The village of Jinba is home to a group of Palestinian farmers. It’s also part of the Israeli military’s “918 Firing Zone,” where the army carries out military training in the Occupied West Bank. Residents were already forced to leave their homes once, but returned on a reprieve. Now their village is again threatened with demolition.
Report: Marijke Peters, Deutsche Welle
An anthropological report from 2013 on the lifestyle of the residents of communities that reside in the area 918 Firing Zone, by social anthropologist Shuli Hartman (English version).
An article published in the Israeli newspaper Musaf Haaretz, on how the Israeli state will use any bureaucratic trick to keep the Bedouin shepherds and Palestinians from their homes. By Chaim Levinson and photographer Eduardo Soteras Jalil. Published on 27th of September 2013
A Locked Garden is a detailed, extensive reports on closed areas in the West Bank. The report was written by Kerem Navot.
The State of Israel makes sweeping use of closure orders in the West Bank for varied purposes, foremost among them the closure of areas for the declared purpose of military training. This study reveals that the ongoing closure of the overwhelming majority of training areas in the West Bank is not intended to serve “military need,” since in 80% of the area no actual military training is held. The size of these areas, their dispersal, the correlation between them and additional statutory elements that limit the possible Palestinian use of them, such as settlement jurisdictional areas and declared nature reserves, and the fact the Civil Administration continues mapping “state lands” in considerable portions of them and does nothing to evict settlers who enter these areas illegally (even when the lands in question are privately owned by Palestinians) lead to the conclusion that the ongoing closure of these areas is a key layer in the lands regime orchestrated by the State of Israel in the West Bank. It appears that the main goal of this regime is to drastically reduce the Palestinian population’s ability to use the land and to transfer as much of it as possible to Israeli settlers.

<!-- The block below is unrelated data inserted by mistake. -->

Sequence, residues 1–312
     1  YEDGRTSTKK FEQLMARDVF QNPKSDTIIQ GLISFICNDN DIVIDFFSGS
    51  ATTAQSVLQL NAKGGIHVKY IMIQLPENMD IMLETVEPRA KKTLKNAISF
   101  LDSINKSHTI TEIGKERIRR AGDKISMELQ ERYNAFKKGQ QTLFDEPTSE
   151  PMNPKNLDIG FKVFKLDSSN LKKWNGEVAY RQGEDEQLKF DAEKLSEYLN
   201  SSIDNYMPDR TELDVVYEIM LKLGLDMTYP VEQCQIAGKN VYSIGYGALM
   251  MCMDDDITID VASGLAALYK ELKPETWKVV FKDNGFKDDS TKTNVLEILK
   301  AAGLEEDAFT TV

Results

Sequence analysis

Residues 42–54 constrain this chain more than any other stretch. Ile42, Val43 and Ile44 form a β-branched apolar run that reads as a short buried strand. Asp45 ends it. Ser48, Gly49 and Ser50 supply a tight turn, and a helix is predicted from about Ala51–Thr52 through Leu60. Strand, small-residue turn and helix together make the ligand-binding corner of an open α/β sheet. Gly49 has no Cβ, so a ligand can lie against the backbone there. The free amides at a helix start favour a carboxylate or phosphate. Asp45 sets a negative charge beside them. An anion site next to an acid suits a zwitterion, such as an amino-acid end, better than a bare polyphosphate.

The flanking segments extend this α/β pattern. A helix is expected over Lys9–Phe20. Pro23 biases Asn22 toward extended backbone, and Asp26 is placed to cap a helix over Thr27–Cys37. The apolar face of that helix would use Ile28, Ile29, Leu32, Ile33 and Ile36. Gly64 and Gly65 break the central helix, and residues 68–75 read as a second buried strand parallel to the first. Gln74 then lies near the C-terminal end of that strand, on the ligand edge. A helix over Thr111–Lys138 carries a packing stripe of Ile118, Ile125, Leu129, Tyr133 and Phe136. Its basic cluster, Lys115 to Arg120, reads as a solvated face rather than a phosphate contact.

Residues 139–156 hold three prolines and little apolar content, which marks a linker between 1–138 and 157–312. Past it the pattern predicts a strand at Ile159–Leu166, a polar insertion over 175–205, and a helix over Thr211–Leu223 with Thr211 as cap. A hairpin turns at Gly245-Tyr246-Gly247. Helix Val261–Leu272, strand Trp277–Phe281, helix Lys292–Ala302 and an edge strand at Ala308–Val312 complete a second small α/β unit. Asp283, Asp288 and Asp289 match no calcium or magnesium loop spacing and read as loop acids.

An article by Peter Lagerquist exploring the issues of time, culture, representation and memory in the Palestinian communities of South Hebron. Published in Jerusalem Quarterly, 46.